If it hasn’t happened already, sometime soon, you are likely to receive an email from your pastor, a teacher or friend, the bishop, or maybe even from yourself, asking for a favor. Of course, it won’t actually be from one of those individuals, but it may look legitimate at first glance.

Just as the holiday season generates scores of emails with Black Friday and Cyber Monday deals followed by Giving Tuesday requests, it is also the time of year when fraudsters escalate their attempts to take advantage of the generous and trusting. Thankfully, many of these attempts have relatively obvious ‘tells.’ 

When reviewing your email, use extra caution when encountering the following.

  1. The email address or the domain is unfamiliar. While a growing number of attempts are using sophisticated means to ‘spoof‘ email addresses (making it look like it is from a trusted address even though it isn’t), more often, fraudsters use easy-to-create accounts on platforms like Gmail that look like they may be from the sender. Try calling the contact or their office directly (with a trusted number) to verify the email if something seems off, and if they confirm they did not send it, report it to your email provider.
  2. The email has poor grammar or spelling or uses unconventional phrases or greetings. While there are plenty of fraudsters operating in the U.S., many operate from countries abroad with lax regulations on such behavior. Thankfully, this is often evidenced in their spelling, grammar and misuse of common phrases. Still, while this can be a sign the message is fraudulent, it can also be a sign that your circle of contacts includes people for whom English is a second language. Be cautious but try not to assume based on this one thing.
  3. The email asks for an immediate reply or action. Even if the first email doesn’t make the pitch for gift cards or access to other sensitive information, they are often eager to get you to act before you think too hard. Whether it is a fraudster or a legitimate request for support, you should always think carefully about what you support and where you share sensitive information. Look carefully at such requests and use trusted contact information (do not directly reply) to verify the request.
  4. The email asks for login credentials or other sensitive information. Be wary of messages that may look like password reset requests unless you initiated that request from a trusted website. It is easy enough to create a fake login page with a domain similar to the one you regularly use. Phishing attempts like these can help a fraudster to extract your account credentials or other sensitive information.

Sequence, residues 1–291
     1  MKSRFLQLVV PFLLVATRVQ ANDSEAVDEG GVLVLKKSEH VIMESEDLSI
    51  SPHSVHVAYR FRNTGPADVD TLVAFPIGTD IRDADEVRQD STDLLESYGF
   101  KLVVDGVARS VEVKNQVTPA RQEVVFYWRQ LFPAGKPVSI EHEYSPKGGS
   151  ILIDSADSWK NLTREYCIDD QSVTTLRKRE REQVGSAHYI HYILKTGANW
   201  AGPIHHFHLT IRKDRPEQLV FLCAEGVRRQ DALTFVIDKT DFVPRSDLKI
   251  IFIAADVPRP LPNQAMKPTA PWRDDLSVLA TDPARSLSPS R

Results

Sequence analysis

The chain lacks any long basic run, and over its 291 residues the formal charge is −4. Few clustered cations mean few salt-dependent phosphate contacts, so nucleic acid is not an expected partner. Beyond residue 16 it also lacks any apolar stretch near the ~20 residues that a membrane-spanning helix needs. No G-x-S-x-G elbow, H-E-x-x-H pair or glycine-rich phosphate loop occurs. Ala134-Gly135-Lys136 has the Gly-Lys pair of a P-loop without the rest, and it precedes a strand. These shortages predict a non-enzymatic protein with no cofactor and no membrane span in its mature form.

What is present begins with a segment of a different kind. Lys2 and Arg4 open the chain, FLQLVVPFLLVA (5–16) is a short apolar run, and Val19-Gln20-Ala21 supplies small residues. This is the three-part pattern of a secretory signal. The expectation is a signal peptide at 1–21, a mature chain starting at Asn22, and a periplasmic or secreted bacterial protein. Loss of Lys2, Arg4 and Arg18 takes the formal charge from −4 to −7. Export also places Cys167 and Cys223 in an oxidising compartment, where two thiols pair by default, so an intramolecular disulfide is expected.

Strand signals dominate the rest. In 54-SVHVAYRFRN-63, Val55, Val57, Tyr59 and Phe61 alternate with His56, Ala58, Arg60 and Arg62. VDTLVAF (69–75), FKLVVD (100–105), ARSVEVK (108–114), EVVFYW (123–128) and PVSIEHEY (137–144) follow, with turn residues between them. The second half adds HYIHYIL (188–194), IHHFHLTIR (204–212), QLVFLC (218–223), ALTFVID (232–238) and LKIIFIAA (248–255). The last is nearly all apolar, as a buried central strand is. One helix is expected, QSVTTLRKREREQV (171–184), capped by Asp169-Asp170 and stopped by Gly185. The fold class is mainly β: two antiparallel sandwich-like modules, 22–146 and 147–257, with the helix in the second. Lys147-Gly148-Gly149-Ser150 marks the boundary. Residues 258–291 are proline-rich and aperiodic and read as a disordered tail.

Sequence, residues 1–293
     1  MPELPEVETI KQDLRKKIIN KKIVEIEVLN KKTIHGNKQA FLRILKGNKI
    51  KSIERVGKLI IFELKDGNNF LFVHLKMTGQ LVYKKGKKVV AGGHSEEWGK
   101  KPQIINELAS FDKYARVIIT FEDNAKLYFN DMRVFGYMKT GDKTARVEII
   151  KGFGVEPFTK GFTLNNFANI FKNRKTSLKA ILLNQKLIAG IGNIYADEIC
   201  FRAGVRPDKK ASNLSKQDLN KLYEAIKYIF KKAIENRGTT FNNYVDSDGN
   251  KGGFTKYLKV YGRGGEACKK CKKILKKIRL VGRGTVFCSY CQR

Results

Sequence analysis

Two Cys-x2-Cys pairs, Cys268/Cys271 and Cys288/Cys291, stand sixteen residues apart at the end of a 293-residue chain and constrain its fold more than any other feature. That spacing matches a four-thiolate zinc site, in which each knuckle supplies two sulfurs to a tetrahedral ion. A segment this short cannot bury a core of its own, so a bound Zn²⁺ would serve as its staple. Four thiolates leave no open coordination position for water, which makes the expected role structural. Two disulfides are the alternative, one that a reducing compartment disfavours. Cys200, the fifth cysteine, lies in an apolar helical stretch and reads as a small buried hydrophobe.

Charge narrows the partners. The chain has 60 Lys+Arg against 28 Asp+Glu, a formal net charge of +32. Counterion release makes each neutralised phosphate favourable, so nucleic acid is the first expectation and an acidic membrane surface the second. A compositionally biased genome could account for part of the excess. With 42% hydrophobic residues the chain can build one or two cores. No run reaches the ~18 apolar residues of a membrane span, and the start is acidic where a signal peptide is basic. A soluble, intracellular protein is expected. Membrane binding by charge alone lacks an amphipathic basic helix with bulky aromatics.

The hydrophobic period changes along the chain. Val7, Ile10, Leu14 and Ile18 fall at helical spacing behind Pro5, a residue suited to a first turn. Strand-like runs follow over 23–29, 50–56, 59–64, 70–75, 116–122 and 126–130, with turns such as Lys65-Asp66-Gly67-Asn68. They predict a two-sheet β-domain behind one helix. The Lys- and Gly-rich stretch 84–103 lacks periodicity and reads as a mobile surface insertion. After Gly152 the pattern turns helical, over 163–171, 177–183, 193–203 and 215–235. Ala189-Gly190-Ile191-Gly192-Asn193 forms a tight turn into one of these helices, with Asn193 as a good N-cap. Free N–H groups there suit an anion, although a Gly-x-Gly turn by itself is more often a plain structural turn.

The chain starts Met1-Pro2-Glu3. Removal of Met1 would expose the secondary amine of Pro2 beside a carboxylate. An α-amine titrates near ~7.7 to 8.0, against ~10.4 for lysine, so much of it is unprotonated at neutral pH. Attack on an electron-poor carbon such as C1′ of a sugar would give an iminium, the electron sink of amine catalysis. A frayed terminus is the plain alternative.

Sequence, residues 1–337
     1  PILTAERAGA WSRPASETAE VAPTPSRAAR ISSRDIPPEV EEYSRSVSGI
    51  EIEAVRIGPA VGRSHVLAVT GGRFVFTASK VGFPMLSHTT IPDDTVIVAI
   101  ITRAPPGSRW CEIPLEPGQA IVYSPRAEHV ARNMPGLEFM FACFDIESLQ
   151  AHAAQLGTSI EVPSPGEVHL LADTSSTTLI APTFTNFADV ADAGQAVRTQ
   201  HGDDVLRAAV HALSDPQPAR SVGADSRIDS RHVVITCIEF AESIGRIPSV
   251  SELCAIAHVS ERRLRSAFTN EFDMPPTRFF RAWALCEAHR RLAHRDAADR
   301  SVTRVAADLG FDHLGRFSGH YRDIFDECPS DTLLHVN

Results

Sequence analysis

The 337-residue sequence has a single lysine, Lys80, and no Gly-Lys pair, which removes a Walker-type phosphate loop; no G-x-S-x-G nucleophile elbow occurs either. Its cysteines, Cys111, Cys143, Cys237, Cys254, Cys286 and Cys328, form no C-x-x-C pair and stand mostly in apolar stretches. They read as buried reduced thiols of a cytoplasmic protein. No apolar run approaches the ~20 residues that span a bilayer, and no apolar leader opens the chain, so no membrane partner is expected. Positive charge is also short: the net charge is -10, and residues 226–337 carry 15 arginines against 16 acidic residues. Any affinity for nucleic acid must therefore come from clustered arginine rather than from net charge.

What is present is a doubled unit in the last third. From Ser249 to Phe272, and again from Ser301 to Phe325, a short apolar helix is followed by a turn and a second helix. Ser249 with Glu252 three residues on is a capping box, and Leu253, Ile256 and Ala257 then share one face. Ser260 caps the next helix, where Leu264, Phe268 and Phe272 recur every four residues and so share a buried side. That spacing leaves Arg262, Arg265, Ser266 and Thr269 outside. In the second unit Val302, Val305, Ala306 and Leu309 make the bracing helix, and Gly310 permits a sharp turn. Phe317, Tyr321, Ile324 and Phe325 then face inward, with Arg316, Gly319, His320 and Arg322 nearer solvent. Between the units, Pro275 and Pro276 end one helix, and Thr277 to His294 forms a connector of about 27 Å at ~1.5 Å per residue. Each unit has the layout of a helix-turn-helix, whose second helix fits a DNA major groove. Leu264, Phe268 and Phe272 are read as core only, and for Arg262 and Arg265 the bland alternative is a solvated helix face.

5. The email has unexpected or unfamiliar attachments. Never open attachments unless you are confident in the email source. In particular, avoid opening files with extensions (.zip, .exe, .jar, .scr, etc.) as they are easy vehicles for malware. If you don’t have malware-blocking software, consider purchasing it.
  6. The email contains a deal or an offer that is too good (or bad) to be true. We all want to believe in miracles and win the lottery, but we know such things are few and far between. The better the deal or offer, the more likely it is a scam. Similarly, if you receive a message purporting to be from a contact who needs immediate help due to some calamity, use similar caution. Ask yourself, would you really be the person they would reach out to and would they do so by urgent email?

Your best defense against fraudulent email is a healthy amount of skepticism. Please avail yourself of the information above and permit yourself to be less trusting in this one area of your life.

Finally, none of us are perfect in our ability to spot fraud. If you haven’t done so already, consider using extra security tools like two-factor authentication (2FA) to provide an additional security layer in case someone catches you off guard. 2FA often uses your cell phone or another means of authentication to ensure you are who you say you are.

May your holiday be blessed and free of internet thievery!

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